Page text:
I was later to recall these two senior actresses, when I would get to see their earlier, older films. The first such re-introduction was when I saw ‘Mughal-e-Azam’ (1960) on TV for the first time. Then I came to recognize Durga Khote in her role as Jodha Bai, and connected her with her role in ‘Baawarchi’. The two films had a difference of 12 years, and decidedly, she is looking much younger and sweeter in her role as Badi Maa in ‘Baawarchi’, compared to her royal appearance as the empress of India and wife of Emperor Akbar. One scene (from ‘Baawarchi’) that really amazed me and mesmerized me, is the family song situation from an early morning impromptu get together of the family members – “Bhor Aayee Gaya Andhiyaara”. During the course of this song, the two supposedly middle aged daughters in law perform the rapid pace thaap steps dance to the rapid taal – “dhiga tum naa naa naa naa naa” being rendered by the family help Raghu (role played by Rajesh Khanna). It was a real wonder to see the two ladies perform that sequence. A quick check reminded me that Durga Khote was, goodness, 67 years of age, when she performed in ‘Bawarchi’.

Remembering Durga Khote on the anniversary of her passing away (22nd September).

The first and the top most lady luminary of the Hindi cinema, Durga Khote was born on 14th January, 1905, in a well­ known family of Bombay. The family hailed from Goa and spoke Konkani at home. Her mother’s name was Manjulabai. Her father, Pandurang Shamrao Laud, was a famous lawyer and her brother was also a well known barrister. The young Vita Laud (her maiden before marriage) was educated, like her siblings, at Cathedral High School and St. Xavier’s College from where she did her B.A. While still in college, she was married into the Khote family, graduated and settled down with her husband. By the age of 26, she was a widowed mother of two sons – Bakul and Harin.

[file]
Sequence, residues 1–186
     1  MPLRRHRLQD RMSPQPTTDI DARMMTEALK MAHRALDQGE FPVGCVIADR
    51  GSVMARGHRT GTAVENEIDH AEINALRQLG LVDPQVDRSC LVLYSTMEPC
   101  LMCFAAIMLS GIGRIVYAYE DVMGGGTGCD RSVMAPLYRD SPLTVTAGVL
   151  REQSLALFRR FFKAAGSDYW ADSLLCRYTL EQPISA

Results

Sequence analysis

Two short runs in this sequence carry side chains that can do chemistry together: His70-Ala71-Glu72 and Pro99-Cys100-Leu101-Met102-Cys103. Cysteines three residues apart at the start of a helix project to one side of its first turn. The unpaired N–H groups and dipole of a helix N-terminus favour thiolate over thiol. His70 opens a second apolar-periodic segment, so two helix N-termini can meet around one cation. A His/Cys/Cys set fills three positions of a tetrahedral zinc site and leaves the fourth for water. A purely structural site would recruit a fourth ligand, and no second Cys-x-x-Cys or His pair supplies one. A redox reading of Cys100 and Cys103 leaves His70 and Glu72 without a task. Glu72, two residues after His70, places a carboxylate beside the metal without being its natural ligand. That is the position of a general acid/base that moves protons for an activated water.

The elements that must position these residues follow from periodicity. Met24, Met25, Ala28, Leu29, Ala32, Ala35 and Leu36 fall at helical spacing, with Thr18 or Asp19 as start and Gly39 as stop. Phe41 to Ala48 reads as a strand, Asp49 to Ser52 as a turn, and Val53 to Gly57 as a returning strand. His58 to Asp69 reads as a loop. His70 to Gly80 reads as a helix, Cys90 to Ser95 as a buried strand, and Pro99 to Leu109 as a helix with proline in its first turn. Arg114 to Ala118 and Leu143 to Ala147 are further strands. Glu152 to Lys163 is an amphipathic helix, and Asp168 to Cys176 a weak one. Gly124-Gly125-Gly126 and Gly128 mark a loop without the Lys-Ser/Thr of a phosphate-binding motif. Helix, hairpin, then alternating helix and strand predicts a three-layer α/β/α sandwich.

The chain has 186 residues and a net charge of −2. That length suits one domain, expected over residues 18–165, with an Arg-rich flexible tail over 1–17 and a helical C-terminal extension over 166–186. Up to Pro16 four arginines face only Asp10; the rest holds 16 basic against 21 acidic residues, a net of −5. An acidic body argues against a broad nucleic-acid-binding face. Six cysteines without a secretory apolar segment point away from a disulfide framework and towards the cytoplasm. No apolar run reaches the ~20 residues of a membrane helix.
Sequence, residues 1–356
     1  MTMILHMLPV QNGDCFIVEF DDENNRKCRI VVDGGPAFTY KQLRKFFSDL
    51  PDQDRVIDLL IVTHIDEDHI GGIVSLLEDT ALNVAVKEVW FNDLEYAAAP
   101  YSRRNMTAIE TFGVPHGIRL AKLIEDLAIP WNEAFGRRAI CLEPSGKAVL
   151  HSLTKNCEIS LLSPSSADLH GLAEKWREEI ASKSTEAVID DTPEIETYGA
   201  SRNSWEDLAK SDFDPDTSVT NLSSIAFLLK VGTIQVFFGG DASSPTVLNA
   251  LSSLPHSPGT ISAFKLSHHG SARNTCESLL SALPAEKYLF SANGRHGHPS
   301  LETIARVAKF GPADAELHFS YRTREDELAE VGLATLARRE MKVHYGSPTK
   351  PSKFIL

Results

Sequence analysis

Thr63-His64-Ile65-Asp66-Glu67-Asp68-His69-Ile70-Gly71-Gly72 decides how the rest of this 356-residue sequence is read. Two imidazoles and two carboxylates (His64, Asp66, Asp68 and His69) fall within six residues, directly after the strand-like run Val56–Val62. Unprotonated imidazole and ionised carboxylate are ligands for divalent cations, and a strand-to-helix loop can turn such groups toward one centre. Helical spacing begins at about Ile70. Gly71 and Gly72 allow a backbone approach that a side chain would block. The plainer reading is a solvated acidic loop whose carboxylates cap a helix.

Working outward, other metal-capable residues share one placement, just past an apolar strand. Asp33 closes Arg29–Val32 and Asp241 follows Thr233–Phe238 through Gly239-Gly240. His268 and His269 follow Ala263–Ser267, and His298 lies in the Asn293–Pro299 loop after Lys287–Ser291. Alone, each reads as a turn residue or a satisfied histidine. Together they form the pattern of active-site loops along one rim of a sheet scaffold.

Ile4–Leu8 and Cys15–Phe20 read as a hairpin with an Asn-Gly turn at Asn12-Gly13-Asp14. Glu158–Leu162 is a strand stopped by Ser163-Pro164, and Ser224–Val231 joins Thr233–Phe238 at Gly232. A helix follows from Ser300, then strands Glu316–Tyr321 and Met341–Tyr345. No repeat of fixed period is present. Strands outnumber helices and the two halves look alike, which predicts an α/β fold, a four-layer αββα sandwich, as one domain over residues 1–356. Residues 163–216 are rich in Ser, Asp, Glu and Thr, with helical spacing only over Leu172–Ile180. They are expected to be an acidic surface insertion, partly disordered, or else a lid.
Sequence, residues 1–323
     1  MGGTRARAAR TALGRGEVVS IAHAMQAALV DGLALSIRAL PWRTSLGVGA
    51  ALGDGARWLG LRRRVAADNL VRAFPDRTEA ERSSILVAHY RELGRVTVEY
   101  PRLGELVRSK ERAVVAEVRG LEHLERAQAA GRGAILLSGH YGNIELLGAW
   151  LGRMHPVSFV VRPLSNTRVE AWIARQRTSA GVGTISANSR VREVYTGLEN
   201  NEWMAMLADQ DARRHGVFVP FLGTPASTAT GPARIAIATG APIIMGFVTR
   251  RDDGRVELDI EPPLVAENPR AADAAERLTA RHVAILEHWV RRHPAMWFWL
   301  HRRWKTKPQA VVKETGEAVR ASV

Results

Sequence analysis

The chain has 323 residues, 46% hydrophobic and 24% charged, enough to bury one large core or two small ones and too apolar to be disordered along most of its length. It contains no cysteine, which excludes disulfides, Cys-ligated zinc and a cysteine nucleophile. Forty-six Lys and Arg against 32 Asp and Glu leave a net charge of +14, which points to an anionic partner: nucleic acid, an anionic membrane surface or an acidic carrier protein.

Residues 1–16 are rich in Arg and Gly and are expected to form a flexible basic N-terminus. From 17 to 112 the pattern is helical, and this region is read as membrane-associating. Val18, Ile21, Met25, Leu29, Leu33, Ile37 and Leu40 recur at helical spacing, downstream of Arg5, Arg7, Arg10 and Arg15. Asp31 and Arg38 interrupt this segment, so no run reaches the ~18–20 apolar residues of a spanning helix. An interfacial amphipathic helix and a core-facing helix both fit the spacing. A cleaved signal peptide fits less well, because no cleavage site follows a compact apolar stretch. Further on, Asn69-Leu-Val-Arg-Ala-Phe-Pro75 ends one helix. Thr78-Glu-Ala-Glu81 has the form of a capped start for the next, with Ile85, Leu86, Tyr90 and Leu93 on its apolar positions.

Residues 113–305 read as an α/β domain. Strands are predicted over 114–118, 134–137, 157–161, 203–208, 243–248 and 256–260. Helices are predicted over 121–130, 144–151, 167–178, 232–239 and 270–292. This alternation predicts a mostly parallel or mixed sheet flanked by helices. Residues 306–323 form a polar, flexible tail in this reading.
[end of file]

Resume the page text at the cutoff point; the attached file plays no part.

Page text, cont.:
Into this scenario, and a life of a very traditional family, plopped in something utterly new – the world of cinema. Durga Khote wanted to work to support her children. In doing so, she became a pioneer of sorts. It was a time when the film industry was regarded as the preserve of the base and the bawdy. Also, most of the female characters were played by men at the time.

It all came about through her sister Shalini, also married and having amongst her circle of friends, a gentleman by the name JBH Wadia. At the time JBH was working with Mohan Bhavnani as the latter’s assistant. The talkies had just made their appearance on the silver screen. Bhavnani who had just made a picture, wanted to give it the box office appeal of a “talkie” ending. The picture starred Mrs. Bhavnani and her husband was  looking out for a girl who would feature with his wife in the climax scenes of the film. Approached by JBH, Shalini refused. But knowing Durga as a person who would try anything once, she recommended her. Durga was ready to have a go at the part, accepted the role and went off to the studios the same day. Mr. Bhavnani’s heterogeneous production was soon completed, printed and made ready for release.